Saturday, January 4, 2014
Law enforcement conflicts still exist with legal pot
Local law enforcement agencies have struggled to abide by conflicting state and federal laws.
With the purchase of recreational marijuana now legal, local law enforcement agencies continue to struggle with conflicts between state and federal law in post-Amendment 64 Colorado.
While citations issued by the Loveland Police Department for possession of marijuana have drastically decreased -- a 60 percent drop from 2012 to 2013, according to the most recent department statistics -- police chief Luke Hecker has directed his officers to adhere to federal law following legal searches of people or vehicles.
That means that any amount of marijuana that an officer takes into custody during a legal search is seized, sent to the evidence room and labeled for destruction. Otherwise, Hecker said that officers set themselves up to violate federal law, where marijuana is still classified as a Schedule I drug, by giving it back.
"We defer to our obligation to uphold the U.S. Constitution as much as the statutes of Colorado and recognize that federal laws are overreaching," Hecker said.
Tom Gorman, director of the Rocky Mountain High Intensity Drug Trafficking Area Program, said that law enforcement agencies across the state have had to make decisions about the gray area that now exists between federal and state law.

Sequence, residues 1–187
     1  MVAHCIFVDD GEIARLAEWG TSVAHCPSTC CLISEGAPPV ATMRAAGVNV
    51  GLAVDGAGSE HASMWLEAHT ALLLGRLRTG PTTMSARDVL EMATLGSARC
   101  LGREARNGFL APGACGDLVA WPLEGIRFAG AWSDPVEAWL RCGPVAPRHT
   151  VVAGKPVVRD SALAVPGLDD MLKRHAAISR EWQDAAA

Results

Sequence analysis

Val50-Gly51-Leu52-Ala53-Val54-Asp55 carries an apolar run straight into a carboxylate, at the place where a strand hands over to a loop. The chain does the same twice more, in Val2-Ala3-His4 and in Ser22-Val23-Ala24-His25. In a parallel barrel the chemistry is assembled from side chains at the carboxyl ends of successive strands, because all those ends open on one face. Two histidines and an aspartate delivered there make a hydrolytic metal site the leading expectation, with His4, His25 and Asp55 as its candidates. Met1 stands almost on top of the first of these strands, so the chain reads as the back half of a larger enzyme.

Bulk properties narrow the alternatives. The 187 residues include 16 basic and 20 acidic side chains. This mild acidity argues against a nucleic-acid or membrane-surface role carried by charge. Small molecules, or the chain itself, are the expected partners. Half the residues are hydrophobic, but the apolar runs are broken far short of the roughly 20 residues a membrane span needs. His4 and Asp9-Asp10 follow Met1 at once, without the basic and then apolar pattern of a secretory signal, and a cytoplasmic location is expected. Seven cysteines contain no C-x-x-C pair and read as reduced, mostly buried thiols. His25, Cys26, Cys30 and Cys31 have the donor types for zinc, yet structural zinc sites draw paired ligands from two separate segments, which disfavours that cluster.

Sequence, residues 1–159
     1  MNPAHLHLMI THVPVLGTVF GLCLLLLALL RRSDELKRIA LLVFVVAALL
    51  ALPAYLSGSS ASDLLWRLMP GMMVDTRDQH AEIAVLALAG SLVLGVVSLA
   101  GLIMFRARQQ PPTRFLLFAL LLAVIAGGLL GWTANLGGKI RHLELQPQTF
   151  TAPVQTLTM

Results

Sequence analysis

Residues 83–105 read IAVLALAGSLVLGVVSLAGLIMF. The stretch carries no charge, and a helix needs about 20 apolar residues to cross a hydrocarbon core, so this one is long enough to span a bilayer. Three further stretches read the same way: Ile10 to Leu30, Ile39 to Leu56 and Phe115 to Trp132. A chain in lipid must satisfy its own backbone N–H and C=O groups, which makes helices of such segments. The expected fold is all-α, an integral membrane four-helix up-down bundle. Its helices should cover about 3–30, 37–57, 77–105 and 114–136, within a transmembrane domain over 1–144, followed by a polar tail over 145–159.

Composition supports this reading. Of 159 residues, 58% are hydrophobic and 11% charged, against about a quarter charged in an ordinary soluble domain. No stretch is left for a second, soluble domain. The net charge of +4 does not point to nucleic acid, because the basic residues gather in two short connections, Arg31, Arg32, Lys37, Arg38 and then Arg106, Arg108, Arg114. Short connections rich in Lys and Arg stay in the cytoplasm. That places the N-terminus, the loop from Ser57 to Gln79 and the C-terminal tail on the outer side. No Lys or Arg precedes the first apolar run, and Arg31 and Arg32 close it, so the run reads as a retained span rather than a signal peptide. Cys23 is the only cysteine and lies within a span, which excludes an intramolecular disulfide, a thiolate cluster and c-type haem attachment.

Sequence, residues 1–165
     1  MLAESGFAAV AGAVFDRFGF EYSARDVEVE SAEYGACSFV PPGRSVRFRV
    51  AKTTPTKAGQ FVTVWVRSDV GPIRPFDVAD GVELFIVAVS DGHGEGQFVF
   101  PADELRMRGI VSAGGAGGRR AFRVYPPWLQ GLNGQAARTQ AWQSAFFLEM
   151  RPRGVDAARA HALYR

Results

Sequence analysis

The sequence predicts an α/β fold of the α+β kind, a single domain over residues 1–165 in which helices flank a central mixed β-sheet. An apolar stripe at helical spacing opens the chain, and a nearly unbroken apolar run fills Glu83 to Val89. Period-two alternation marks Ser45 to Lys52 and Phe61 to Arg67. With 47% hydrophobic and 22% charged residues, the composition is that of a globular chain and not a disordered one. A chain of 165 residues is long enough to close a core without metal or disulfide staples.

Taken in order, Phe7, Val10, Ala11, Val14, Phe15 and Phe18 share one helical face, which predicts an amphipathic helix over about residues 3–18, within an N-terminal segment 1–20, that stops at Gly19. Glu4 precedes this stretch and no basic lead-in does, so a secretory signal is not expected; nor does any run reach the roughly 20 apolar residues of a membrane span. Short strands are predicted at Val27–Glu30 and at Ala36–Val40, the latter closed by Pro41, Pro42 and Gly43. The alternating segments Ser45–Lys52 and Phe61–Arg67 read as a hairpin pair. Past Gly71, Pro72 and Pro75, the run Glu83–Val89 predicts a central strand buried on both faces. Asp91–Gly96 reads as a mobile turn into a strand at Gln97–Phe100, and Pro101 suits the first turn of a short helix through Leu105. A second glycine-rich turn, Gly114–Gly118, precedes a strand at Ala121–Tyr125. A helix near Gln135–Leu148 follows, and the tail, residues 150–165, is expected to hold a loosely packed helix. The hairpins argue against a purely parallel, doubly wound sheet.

"What Colorado has done is licensed organizations and individuals to violate federal law," he said.
Larimer County Sheriff Justin Smith said he shares the concerns around the conflict, which has not been made any clearer in the year since the law has been in effect.
"We typically avoid it by not taking custody of marijuana," he said. "If it comes into our custody, we can't be in the distribution business."
The situation is popping up more often with DUI and DUI drug arrests where a person has pot in the vehicle, and Smith said it's handled largely on a case-by-case basis and at the discretion of the officer. If it's not relevant to the case, the marijuana might be left in the vehicle.
"Different agencies have different ways of handling it," Smith said. "I think we all have the same concern, that you have two laws that are both valid."
After the passage of Amendment 64, law enforcement officials had hoped for direction from the federal government on how to proceed, and Hecker said he is "gravely disappointed" in their response, or lack thereof.
In August 2013, the U.S. Department of Justice Deputy Attorney General James M. Cole issued a memorandum indicating that the federal government would not interfere with state measures to legalize marijuana. The memo called for state and local law enforcement to "implement strong and effective regulatory and enforcement systems that will address the threat those state laws could pose to public safety, public health, and other law enforcement interests."
"We have received very little direction and no support for how to rectify the conflict between the federal and the state level," Hecker said.
On Wednesday, retail pot operations opened for business in jurisdictions that voted to license and regulate establishments. Most of those are currently located in Denver; the Loveland City Council voted last August to ban pot retailers, commercial growers and marijuana-related businesses, with some councilors citing the conflict with federal law.
By Jessica Maher, Reporter-Herald Staff Writer, 669-5050, ext. 516, or email@example.com. Follow her on Twitter: @JessicaMaherRH
Source: The Loveland Reporter-Herald